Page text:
Protected Areas in Europe — An Overview

The report from the European Environment Agency (EEA) provides a comprehensive overview of the current state of protected areas and aims to assist policymakers and the wider public in understanding the complexity of the current systems of protected areas.

Copenhagen, 22 October 2012: Protected areas today cover a relatively large part of Europe, with almost 21 % of the territory of EEA member countries and cooperating countries consisting of protected areas. In spite of this widespread presence of protected areas in all European countries, the topic has not received as much attention on a pan-European level as other environmental issues. This report is especially timely, as 2012 marks the 20th anniversaries of the Convention on Biological Diversity and of the EU Habitats Directive. Both of these legal instruments consider protected areas to be key tools in the maintenance and restoration of biodiversity and ecosystems.

For the purposes of this report, a 'protected area' is any site with defined boundaries classified or designated by countries under legislation primarily aiming at nature conservation i.e. at the protection, management and restoration of species, habitats and ecosystems. A protected area can thus be any area of sea, lakes, rivers or land that has been identified as important for the conservation of nature, and managed for this purpose. It is important to recognise that protected areas differ greatly in the extent to which they limit human activity within their boundaries. Some protected areas allow industry, extensive agriculture or fishing to occur within their boundaries, while others prohibit all of these activities. The term is thus very broad in its application.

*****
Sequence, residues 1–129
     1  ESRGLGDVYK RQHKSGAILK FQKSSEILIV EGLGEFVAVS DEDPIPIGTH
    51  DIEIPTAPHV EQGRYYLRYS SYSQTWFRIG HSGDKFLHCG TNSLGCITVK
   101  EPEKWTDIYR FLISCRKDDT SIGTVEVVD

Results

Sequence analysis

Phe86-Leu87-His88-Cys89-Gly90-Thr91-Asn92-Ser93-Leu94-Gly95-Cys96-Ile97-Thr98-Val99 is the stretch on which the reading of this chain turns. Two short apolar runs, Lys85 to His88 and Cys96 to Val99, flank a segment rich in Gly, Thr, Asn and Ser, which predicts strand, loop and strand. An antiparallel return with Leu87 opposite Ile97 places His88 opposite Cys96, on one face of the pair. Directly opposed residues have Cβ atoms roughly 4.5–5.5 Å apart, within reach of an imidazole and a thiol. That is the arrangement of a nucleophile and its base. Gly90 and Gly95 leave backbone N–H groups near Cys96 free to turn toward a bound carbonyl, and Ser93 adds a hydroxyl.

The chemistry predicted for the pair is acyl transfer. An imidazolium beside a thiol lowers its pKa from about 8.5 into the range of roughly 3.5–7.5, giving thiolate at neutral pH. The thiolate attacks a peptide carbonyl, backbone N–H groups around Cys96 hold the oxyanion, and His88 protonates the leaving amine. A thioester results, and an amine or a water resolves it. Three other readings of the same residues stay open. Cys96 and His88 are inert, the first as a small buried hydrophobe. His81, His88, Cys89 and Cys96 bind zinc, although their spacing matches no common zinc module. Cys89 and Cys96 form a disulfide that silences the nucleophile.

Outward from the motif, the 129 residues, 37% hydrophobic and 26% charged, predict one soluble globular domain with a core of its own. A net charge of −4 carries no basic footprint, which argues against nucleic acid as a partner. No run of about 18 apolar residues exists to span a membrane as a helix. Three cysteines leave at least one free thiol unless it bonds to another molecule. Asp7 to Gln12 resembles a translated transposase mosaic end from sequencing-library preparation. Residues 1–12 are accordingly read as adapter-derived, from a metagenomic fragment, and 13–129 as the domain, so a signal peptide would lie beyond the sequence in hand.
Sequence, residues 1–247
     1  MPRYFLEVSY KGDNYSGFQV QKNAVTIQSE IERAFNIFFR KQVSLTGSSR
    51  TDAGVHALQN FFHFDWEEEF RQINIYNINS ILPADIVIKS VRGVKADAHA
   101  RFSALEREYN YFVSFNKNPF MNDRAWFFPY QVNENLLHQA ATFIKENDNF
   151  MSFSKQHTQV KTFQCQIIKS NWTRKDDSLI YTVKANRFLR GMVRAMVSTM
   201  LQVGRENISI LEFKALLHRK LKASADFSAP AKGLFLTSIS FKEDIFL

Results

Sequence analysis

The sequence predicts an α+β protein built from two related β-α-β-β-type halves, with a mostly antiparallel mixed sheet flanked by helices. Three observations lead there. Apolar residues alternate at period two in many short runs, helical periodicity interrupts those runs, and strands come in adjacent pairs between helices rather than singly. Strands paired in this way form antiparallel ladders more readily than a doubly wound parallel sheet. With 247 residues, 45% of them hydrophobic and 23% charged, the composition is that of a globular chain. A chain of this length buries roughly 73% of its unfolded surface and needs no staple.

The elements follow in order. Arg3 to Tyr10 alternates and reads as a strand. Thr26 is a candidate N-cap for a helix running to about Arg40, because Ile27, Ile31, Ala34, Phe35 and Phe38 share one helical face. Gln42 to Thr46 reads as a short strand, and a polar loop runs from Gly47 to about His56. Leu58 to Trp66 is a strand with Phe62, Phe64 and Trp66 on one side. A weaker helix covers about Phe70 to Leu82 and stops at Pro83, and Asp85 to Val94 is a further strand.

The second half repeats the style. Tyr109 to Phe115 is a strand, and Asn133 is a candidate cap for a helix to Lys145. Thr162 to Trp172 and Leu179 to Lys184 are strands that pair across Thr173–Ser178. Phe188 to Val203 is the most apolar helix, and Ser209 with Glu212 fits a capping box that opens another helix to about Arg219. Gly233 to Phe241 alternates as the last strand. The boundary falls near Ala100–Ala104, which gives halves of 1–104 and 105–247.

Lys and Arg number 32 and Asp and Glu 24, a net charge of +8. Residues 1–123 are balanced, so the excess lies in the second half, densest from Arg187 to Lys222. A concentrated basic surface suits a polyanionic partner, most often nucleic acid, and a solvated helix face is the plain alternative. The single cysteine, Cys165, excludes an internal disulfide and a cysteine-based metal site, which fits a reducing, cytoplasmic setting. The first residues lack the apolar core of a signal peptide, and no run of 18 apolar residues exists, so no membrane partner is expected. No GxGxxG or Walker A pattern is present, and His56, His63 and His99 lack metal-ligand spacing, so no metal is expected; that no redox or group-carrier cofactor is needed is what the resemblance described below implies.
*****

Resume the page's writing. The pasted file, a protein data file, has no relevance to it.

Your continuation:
The report covers all 32 countries that are members of the EEA — 27 European Union Member States, Iceland, Liechtenstein, Norway, Switzerland and Turkey — as well as the seven cooperating countries — Albania, Bosnia and Herzegovina, Croatia, the former Yugoslav Republic of Macedonia, Montenegro, Serbia and Kosovo under the UN Security Council Resolution 1244/99. The overseas protected areas of European countries are not considered in this report.
The full report you can find here.
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